“Frequency of interaction is what relationships are about. If you don’t have a facility to communicate with ease, then you run the risk of turning somebody from a friend into an acquaintance,” Gagnon says. “If you think about where we are societally, we’re often feeling time-starved and highly ‘interrupt-driven,’ meaning we often start and stop tasks all the time, and we’re also highly social – meaning we communicate more frequently than we ever have.”
According to its industry data (in concert with studies conducted with GSMA Intelligence and Aspect Software), Sparkcentral’s consumer research reveals that 72 percent of customers will text somebody before calling, while 89 percent of customers prefer to message a company vs. a phone call.
“What we need to align is what customers want with what companies do and allow,” Gagnon says. “And we’re starting to see that companies are picking up the signal that says, ‘Maybe our customers want to talk to us differently.'”
Understanding the technology of preference, companies from Netflix, DirecTV, Nordstrom, jetBlue, Emirates, Arby’s and AXA have all worked with Sparkcentral’s products to improve customer connections. And costs have been mitigated in the process, Gagnon says.
“Sure, there are some companies more focused on costs than customer experience,” he adds. “But messaging costs less than a phone call, as the company is paying for every second of an interaction; if there’s dead air time, the company is paying for that. With our model, we can compress that time. If there’s a delay in reply, the company’s agent can be working on something else or helping another customer.”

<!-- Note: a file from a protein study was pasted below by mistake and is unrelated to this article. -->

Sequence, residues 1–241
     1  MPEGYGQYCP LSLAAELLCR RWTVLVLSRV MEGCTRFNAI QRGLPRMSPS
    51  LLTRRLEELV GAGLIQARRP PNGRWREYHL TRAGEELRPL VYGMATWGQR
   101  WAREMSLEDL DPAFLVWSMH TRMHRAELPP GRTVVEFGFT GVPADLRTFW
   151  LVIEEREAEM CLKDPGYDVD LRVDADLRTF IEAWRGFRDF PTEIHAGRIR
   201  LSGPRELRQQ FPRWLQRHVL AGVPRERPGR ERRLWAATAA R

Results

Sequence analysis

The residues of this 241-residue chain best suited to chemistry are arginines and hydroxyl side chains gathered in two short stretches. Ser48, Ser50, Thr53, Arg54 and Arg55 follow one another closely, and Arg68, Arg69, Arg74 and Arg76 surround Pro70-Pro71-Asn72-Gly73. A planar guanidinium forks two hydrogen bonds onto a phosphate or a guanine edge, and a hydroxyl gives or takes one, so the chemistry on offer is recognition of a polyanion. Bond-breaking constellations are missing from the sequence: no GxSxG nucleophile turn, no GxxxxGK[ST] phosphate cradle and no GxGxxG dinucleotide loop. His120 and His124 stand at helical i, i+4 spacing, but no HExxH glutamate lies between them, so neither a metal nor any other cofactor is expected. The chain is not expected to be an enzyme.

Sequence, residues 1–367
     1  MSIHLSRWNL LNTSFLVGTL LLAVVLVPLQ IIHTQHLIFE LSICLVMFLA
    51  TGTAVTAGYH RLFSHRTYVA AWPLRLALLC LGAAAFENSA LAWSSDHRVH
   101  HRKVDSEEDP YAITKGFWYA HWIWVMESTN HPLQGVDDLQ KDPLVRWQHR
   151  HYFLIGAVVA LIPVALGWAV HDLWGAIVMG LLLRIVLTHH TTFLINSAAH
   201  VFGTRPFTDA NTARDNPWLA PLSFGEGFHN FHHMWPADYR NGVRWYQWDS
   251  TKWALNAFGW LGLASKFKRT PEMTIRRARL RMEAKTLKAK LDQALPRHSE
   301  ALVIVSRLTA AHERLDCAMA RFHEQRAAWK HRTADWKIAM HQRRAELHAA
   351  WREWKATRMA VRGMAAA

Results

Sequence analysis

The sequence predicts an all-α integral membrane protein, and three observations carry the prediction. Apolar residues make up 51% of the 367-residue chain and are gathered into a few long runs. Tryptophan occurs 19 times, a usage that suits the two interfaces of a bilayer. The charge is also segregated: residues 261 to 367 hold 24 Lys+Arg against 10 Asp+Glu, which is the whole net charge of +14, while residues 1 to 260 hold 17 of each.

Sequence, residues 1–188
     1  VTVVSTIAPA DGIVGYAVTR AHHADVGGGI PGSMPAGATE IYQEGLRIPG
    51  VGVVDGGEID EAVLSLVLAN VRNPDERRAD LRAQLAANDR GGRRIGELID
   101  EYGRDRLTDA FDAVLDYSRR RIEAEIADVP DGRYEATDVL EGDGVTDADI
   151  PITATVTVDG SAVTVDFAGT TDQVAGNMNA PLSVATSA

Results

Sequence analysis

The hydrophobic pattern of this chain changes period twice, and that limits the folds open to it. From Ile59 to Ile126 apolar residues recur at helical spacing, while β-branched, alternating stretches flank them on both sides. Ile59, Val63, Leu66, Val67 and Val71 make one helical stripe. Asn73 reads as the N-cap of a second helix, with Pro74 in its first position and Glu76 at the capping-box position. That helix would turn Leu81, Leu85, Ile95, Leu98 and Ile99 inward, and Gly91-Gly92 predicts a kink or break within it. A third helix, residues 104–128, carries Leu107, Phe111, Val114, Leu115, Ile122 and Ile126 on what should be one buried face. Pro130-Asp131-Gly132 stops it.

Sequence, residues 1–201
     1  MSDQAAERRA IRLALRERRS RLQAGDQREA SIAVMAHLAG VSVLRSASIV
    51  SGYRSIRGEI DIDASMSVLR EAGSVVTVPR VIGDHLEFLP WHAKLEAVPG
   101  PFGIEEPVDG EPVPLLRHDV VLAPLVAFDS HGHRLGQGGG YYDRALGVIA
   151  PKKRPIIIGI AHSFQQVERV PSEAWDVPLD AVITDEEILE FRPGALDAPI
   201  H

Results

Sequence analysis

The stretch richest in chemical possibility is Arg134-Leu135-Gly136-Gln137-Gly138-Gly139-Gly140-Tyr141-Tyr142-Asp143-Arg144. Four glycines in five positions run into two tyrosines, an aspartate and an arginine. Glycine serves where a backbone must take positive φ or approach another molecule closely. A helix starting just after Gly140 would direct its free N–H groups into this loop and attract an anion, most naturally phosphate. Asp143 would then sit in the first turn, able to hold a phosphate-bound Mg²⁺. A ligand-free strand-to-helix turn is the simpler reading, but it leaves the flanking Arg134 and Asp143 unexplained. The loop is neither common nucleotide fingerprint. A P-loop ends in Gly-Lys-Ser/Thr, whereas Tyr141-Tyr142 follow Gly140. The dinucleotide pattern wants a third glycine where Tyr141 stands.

In concert, enabling agents to work with more customers at the same time proves an asset that has contributed to save company costs estimated at upwards of 30 percent. Further benefits in messaging platforms are found via the fact that the groundwork for said connections are already paved.
“The customer is ready for this and the infrastructure is already there,” Gagnon says. “You don’t have to teach anybody or train anybody. Nobody has to load or install anything. After all, you already have SMS, Messenger, or WhatsApp on your phone.”
From footwear to flights, from banking to burgers, the consumer benefits of Sparkcentral’s messaging tools are wide-ranging to accommodate consumer lifestyle.
“Say you bought some shoes from Zappos.com,” Gagnon says. “They show up and you got the wrong size. It’s pretty easy to message the company about that, go about your day, have a meal, get your work done and then message back 30-minutes later responding to the question what size you need.”
By connecting companies to consumers with a lineup of messaging services and social media channels, Sparkcentral has helped businesses adapt to customer lifestyles.
“We’re taking the burden off the consumer to get a problem resolved; we’re using the technology to help the agent resolve the problem,” Gagnon concludes. “And, look, this isn’t saying that customers don’t want to talk to people; it’s saying they want to communicate with people differently.”